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Rich County sixth grader says she wasn’t allowed to say ‘no’ when boy asked her to dance

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Posted at 10:23 PM, Feb 26, 2020
and last updated 2020-03-02 14:12:04-05

A Utah mom said it’s ‘unacceptable’ that her 11-year-old daughter wasn’t allowed to say ‘no’ when asked to dance.

During a Valentine’s Day dance, 11-year-old Azlyn Hobson, told our media partners at The Salt Lake Tribune, a boy who makes her feel uncomfortable asked her to dance.

She said no, but then she said Rich Middle School Principal Kip Motta, came over.

“He was like, ‘You guys go dance. There’s no saying 'no' in here,’” Azlyn said.

So, Azlyn said she had to dance with the boy.

"I just didn't like it at all," Azlyn said. "When they finally said it was done, I was like, 'Yes!'"

Azlyn’s mom, Alicia, posted on Facebook after hearing what happened.

“The point is that this kid makes my daughter feel uncomfortable. She should not have to stand close to him with his hands on her if she doesn't want to. She has the right to say no to anyone for any reason or no reason. Her body is her body and if she doesn't want to dance with someone, that's her prerogative,” she said on Facebook.

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Principal Motta said he never said that the student had to dance with the boy.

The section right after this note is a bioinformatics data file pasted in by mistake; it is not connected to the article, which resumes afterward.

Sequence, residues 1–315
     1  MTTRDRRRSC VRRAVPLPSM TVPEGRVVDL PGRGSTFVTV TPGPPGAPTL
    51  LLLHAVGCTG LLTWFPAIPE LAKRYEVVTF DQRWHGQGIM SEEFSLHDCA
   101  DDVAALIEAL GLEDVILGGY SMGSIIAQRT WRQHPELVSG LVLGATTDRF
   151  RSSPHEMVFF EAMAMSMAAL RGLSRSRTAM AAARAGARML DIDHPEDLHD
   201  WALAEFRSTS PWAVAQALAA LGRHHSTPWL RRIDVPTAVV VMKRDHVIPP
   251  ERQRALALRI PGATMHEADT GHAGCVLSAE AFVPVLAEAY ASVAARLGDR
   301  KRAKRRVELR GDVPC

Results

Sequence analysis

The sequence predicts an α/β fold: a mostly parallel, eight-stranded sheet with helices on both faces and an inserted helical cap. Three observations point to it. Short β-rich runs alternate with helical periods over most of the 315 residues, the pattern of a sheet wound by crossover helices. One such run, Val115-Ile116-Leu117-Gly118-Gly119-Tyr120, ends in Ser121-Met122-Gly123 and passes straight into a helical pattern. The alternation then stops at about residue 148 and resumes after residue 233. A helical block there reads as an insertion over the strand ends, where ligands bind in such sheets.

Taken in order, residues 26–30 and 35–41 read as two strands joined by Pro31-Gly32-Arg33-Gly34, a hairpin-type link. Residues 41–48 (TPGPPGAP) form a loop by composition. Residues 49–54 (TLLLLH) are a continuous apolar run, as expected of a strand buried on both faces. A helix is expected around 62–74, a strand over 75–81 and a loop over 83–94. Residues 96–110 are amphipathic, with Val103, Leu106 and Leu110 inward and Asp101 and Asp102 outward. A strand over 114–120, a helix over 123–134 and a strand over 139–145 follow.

“No one was forced to do anything. All they had to do was communicate with me. That’s what we tell the kids all the time,” he said.

The school hosts three dances a year as part of the physical education curriculum rhythm and movement, Motta said.

“We teach them how to ask someone to dance, we teach them how to accept dancing, we ask all students to ask someone and we change it up sometimes its girls choice, boys choice, kids wearing red tennis shoes, it doesn’t matter, we mix it all up,” he said.

It is asked that everyone agrees to dance with each other, Motta admits.

“They ask each other to dance and we ask them to say ‘yes’ and the reason behind this policy or philosophy is to ensure that no kid is, no children at all are feel like they are left out,” he said.

Students can communicate with Motta if someone makes them feel uncomfortable and he will discretely handle it, he said.

“I also tell all the students during dance instruction that if they are uncomfortable with dancing with anybody at all, all they have to do is let me know. We’ve had that happen several times in the past," he said.

This policy of saying ‘yes’ isn’t sitting well with Alicia.

“I understand that the spirit of the rule is give the kids the confidence to ask other kids to dance without the risk of rejection, but guess what? In life, you get rejected all the time. They need to get used to it and learn how to cope with their frustration. Girls HAVE to learn that they have the right to say no and that those around them have to respect that. I'm not going to quietly stand by while my daughter and all of her classmates are being wrapped up in rape culture. No way,” she said on Facebook.

Now, Motta said they are reviewing their policies.

“The last thing in the world we want anybody to do is to feel uncomfortable, any student at all to feel uncomfortable, or feel threatened or feel at all unsafe. In that light, we are, when I say we the superintendent and myself, are reviewing this policy,” he said.

There are no more school dances scheduled for this school year.